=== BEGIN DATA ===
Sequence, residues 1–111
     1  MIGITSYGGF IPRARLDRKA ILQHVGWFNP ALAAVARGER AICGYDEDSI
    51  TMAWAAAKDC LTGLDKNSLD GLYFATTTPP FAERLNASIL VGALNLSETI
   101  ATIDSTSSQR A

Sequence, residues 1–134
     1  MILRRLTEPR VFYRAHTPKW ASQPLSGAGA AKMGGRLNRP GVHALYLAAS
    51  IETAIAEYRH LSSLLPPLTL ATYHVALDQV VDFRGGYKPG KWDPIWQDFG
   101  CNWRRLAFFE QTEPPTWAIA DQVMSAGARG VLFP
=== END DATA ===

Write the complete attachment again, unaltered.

Sequence, residues 1–111
     1  MIGITSYGGF IPRARLDRKA ILQHVGWFNP ALAAVARGER AICGYDEDSI
    51  TMAWAAAKDC LTGLDKNSLD GLYFATTTPP FAERLNASIL VGALNLSETI
   101  ATIDSTSSQR A

Sequence, residues 1–134
     1  MILRRLTEPR VFYRAHTPKW ASQPLSGAGA AKMGGRLNRP GVHALYLAAS
    51  IETAIAEYRH LSSLLPPLTL ATYHVALDQV VDFRGGYKPG KWDPIWQDFG
   101  CNWRRLAFFE QTEPPTWAIA DQVMSAGARG VLFP